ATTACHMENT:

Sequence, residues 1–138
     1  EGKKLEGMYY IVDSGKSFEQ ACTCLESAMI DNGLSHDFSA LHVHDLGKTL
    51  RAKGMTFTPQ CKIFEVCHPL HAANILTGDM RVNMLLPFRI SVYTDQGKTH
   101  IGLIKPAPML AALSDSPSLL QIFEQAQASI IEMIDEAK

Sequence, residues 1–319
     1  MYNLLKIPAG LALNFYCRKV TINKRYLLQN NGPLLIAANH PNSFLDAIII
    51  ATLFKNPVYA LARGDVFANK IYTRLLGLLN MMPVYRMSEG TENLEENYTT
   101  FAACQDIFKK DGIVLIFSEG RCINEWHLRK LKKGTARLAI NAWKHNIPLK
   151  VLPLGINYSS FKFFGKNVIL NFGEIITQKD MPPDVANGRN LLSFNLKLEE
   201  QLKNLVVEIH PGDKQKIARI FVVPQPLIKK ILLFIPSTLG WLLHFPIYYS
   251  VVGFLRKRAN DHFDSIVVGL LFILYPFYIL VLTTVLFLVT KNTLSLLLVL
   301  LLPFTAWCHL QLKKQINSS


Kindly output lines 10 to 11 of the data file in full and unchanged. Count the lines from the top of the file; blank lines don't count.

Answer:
   201  QLKNLVVEIH PGDKQKIARI FVVPQPLIKK ILLFIPSTLG WLLHFPIYYS
   251  VVGFLRKRAN DHFDSIVVGL LFILYPFYIL VLTTVLFLVT KNTLSLLLVL